Skin Vision (Part 3)
by Dr. Gary Berman
Let's begin to identify ordinary people who were able to correctly "feel" color and develop this faculty accurately. One in particular who developed this ability is blind -- Mary Wimberley. Allow me to convey the story as accurately as I can.
Mary called a group of skin vision researchers here in the U.S. because she was awed by the exploits of the famous Russian medium, Rose Kulasheva. During the call Mary wondered if she could develop the same faculty of sensing at a distance.
This is Mary's story. She was born with cataracts. However, in spite of this, she was still able to actually enjoy and see colors for her first few years. Later, she developed glaucoma, which led to a number of eye operations over a period of years. The extent of the illness finally ended with the surgical removal of one eye and the complete cutting of the optic nerve of the other eye. Perhaps because of her strong will and the support of a loving family, Mary earned an M.A. in Russian and learned four other languages. To further cap her already remarkable abilities and pursuits, she became a typist for the United Nations organization, taught Braille, and still wanted to do more. Now Mary wanted to be a candidate to learn and appreciate the power of her senses -- skin vision.
Her blindness was a very irresistible condition for the researchers since it eliminated any criticism about fraud and/or deception. With blindfolds, charlatans have been easily able to fake experiences by seeing below the blindfold boundaries. Try this for yourself. Wrap two or three layers of blindfold over the eyes and then look directly down. Your shoes will never look better… right?
It is obvious that everyone learns this in their own way, but the research group was up to the task and was able to improvise the following tests.
Mary began with 10 sheets of construction paper of identical feel and shape. Five pieces were white and five were black. To stimulate tactile sensations, Mary felt all 10 pieces for some time and reported that "all felt the same." There was as yet nothing to differentiate between blacks and whites. Next, 10 trials were completed during which Mary claimed she could not distinguish "color" differences. The best she could do was 4 correct out of the 10, which is still within the range of pure chance. After a short break, Mary redid the test for a correct score of 8 right calls out of the 10. Mary felt she made a few lucky guesses, but the magnitude of the correct score was now very encouraging.
Learning to work past "lucky guesses" took much longer. After 3 to 4 months Mary became 100% accurate in the calling of black and white sheets. Later, the individual colors of the spectrum were added, from red to violet, as well as different materials of varying textures. As part of this new learning, Mary was sporadic in her accuracy, with some days very poor, and some brilliant. All the while, Mary felt "she was guessing." Later games were developed to determine how accurately she could discriminate black letters printed on a gold background. Others of the experimenters tried to distinguish these letters blindfolded, but could not. Mary was excellent and could quickly even make words from isolated letters.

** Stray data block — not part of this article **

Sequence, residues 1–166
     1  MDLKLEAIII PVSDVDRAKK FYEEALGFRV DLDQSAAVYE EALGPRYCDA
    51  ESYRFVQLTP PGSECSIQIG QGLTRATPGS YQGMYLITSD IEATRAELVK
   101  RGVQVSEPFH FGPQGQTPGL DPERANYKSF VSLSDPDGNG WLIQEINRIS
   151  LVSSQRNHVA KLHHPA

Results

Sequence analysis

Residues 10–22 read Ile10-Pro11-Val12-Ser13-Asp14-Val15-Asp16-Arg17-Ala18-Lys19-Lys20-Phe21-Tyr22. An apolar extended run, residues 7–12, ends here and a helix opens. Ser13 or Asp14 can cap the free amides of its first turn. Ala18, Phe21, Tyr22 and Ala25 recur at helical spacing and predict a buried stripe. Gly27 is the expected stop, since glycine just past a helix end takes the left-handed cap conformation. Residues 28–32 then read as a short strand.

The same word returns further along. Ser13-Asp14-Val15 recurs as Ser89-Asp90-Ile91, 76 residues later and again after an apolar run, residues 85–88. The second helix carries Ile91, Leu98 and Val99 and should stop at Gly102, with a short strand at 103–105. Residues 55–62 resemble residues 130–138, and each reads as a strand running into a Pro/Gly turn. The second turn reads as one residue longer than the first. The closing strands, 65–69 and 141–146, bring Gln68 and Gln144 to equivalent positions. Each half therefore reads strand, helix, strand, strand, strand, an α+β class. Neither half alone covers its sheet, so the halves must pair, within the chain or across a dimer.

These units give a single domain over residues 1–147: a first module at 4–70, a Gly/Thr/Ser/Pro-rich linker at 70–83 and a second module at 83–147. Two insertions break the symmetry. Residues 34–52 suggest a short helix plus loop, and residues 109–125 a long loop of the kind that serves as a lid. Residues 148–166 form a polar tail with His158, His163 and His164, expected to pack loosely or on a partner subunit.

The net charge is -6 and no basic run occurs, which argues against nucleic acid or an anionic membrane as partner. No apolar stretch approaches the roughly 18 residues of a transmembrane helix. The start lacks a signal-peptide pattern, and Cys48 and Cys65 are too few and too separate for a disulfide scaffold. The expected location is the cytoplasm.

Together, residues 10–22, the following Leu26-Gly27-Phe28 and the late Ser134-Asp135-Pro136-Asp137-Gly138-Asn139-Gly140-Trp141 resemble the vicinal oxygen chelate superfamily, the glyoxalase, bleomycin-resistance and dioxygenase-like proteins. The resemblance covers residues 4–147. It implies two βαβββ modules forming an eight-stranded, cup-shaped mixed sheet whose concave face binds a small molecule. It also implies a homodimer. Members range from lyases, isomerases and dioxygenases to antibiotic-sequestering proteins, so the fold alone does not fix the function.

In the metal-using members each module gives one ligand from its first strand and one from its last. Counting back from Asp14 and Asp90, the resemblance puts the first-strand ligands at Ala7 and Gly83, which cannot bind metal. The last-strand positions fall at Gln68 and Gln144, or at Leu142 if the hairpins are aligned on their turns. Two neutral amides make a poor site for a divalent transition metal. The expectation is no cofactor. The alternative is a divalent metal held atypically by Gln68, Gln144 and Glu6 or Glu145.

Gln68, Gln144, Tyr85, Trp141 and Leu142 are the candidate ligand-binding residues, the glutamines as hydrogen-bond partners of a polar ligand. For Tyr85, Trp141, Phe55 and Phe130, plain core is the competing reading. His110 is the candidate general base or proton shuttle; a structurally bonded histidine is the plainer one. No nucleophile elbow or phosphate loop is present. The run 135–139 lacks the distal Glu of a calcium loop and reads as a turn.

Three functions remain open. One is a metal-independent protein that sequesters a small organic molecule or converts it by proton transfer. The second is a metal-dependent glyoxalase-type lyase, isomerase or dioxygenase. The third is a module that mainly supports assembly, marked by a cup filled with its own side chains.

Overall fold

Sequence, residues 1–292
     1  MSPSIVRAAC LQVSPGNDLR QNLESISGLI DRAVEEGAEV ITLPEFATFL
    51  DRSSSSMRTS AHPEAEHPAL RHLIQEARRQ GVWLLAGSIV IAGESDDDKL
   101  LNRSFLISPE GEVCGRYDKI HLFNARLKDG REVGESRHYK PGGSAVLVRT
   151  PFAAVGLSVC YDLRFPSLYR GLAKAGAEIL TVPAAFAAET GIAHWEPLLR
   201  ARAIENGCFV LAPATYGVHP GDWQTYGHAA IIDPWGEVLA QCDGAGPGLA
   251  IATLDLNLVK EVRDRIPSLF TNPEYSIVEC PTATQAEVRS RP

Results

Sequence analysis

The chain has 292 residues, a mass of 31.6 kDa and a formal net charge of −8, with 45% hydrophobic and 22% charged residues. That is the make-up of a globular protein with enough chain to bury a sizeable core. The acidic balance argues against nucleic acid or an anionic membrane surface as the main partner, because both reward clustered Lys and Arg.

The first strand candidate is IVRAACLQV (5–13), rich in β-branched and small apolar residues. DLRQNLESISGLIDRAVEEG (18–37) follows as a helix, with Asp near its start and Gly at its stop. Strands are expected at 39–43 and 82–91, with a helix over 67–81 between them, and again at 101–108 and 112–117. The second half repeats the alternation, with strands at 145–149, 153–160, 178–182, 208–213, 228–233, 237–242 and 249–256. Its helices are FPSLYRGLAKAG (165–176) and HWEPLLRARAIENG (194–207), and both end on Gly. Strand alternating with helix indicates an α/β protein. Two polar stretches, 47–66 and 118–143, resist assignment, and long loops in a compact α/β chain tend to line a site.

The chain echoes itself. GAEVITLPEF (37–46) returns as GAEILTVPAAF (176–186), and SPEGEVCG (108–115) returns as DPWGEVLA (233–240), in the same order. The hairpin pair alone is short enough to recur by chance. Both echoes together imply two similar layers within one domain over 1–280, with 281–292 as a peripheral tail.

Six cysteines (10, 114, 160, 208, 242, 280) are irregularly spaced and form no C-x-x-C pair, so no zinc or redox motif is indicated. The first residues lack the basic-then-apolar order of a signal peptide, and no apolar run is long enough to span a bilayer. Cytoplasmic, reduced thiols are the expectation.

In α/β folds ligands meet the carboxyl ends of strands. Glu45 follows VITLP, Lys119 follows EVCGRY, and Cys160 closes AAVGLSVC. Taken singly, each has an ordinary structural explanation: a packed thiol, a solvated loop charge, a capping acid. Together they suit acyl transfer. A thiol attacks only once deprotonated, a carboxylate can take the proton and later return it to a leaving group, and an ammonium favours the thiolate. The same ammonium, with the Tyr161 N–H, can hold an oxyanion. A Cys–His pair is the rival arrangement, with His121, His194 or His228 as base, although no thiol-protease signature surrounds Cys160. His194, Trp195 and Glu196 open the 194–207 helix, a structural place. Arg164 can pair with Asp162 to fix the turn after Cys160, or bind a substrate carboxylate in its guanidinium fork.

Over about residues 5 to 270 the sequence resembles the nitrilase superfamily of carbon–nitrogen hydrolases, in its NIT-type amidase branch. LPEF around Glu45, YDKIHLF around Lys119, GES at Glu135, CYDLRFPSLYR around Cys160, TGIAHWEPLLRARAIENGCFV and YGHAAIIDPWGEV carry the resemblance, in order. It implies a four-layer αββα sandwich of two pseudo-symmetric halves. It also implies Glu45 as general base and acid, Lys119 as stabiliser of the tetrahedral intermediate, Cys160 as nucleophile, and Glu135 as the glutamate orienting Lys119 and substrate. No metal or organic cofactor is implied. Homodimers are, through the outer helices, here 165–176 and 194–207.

Now that Mary's "guessing" was accurate, a controlled experiment involving 1500 trials using from black to all spectrum colors to white sheets was run. Her "lucky guessing" accuracy was greatly beyond what she had assumed. In fact, it was less than 5 million to one that her accuracy involved just chance. Mary still could not understand how she was able to achieve this accuracy in spite of lengthy practice sessions.
To quell skeptics further, the sheets were put in plastic sleeves and Mary was placed in a completely darkened isolation booth. Now Mary had to separate the sheets into four separate piles according to color. She was just as accurate doing this with the booth's light on or off.
Next came sensing the color of the sheet by holding the hand above the sheet without touching it at all. At first the high accuracy greatly deteriorated, but with much practice, she again trained herself to perform this new task as accurately as the previous ones. Because she now no longer touched the colored sheet, all detractors' objections ended. Mary could really sense color at a distance and without touch.
Even two years later, Mary proved time and again she could sense and discriminate color at a distance but could not define for anyone how she did it -- she "just knew."
We at THE HEALING ZONE have seen similar events. My belief as a doctor and medical intuitive is that we all have Mary's abilities to some degree. Whatever the energies are that emanate from any object, the human sensory system must be tuned to accept it. By sensing physical body blocks, emotional restrictions, and releasing them through chiropractic, homeopathy, diet, water, energy therapy, etc., we have been able to teach many people to sense bioenergy very rapidly. This shows that it's necessary to remove unacceptable beliefs and limitations and expand our consciousness to greatly enhance the perception of our energy surroundings, no matter what the source.
Oh yes, Mary! Just as we said, the years of practice and raising of Mary's belief system has caused her to believe this is a useful skill -- to be able to detect colors at a distance. Despite many objections by conservative schools for the blind, Mary is attempting to teach her skills to children born blind. According to Mary, the why and how of sensing color is not important. Being able to sense color is important to enhance and create a new dimension of experience for these children.
Next time we will continue our investigations into the phenomenon of skin vision. For now, if you need help understanding what skin vision can mean to you, call us at THE HEALING ZONE at 972-404-8650.
Return to Healthy Living Menu